θs > s    (deletion)
ns > nts  (epenthesis)

Both halves of this process can be frequently observed in a variety of words, while the direct change from /θ/ > /t/ is not widely attested.

This does not mean that the pronunciation /mʌnts/ is incorrect. It is, in fact, one of the most common spoken forms of this word, and it occurs because of normal, unobjectionable phonological processes in spoken English. You absolutely should not feel like there's anything wrong with months as munts.

Note that in any case it's very misleading to talk about "dropping the h". There is no /h/ sound anywhere in either pronunciation. The spelling convention th is just an orthographic convenience, and the th sound /θ/ has nothing to do with /h/.

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+1: While I can believe that some people pronounce months as /mʌnts/, I find it hard to believe that anybody pronounces faiths as /feɪts/. –  Peter Shor Jan 11 '12 at 17:59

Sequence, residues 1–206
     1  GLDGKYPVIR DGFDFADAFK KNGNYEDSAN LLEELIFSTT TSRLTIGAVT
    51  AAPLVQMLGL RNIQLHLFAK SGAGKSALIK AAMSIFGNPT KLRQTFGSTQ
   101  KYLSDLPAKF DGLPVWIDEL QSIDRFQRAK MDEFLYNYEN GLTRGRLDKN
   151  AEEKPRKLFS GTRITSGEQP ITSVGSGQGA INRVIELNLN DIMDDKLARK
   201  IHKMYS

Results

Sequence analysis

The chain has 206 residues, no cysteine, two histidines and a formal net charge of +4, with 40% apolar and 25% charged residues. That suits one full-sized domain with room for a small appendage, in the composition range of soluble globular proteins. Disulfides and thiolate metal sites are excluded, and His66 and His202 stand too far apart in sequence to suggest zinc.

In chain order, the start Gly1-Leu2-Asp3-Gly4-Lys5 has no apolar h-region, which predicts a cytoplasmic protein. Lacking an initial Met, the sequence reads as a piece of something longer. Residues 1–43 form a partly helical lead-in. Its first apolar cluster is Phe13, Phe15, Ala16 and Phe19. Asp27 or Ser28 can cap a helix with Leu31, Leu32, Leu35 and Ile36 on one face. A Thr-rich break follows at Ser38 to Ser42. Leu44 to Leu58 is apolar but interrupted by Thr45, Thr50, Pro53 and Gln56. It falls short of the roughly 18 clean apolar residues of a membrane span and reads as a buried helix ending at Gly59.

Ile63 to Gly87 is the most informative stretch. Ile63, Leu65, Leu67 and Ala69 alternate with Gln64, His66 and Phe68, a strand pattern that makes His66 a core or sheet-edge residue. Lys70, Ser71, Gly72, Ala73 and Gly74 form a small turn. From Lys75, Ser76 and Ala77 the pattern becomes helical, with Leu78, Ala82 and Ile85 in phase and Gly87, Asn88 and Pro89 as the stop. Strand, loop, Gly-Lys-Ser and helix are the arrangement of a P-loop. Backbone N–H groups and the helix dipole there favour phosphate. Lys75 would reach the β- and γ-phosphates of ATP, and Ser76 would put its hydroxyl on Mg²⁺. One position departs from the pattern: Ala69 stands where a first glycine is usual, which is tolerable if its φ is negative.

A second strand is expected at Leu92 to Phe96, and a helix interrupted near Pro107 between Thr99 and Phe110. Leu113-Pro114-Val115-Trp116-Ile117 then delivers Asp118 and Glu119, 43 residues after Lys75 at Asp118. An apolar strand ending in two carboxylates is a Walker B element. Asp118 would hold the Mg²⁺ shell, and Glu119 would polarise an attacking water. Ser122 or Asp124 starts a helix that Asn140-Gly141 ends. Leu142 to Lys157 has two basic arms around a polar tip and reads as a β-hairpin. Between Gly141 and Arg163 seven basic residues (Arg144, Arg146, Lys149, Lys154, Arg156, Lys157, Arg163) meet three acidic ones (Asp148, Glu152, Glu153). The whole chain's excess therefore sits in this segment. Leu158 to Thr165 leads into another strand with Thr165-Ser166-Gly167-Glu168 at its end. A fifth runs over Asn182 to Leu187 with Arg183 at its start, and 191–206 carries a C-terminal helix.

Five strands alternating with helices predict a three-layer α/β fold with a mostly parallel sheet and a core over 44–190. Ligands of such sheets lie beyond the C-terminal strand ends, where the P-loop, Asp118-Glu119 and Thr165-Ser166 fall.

@Peter Shor: I'm pretty certain that most if not all Caribbean speakers go for /feɪts/. I've known a few such, and they all do this. –  FumbleFingers Jan 11 '12 at 18:02
@Random832: tenths, tents, and tense. Also maybe absinthes and absence. –  Peter Shor Jan 11 '12 at 18:49
@FumbleFingers, but in Caribbean dialects, the change of /θ/ to /t/ is a general phenomenon, not something provoked by adjacency to /s/. –  JSBձոգչ Jan 11 '12 at 20:29
@JSBᾶngs: I only flagged it up because of Peter's comment, not specifically relating to /θs/. I do recall discussing /θ/ with one of my Caribbean friends who actually found it quite difficult to articulate that sound at the end of words. She habitually pronounced it "correctly" at the start of words - being naturalised British, she worked harder on that one because she thought saying dat for that, and ting for thing would mark her as uneducated. She just didn't see it that way for /θ/ at the end of words. –  FumbleFingers Jan 11 '12 at 21:11

Where I live, ‘months’ is pronounced /mʌnθs/.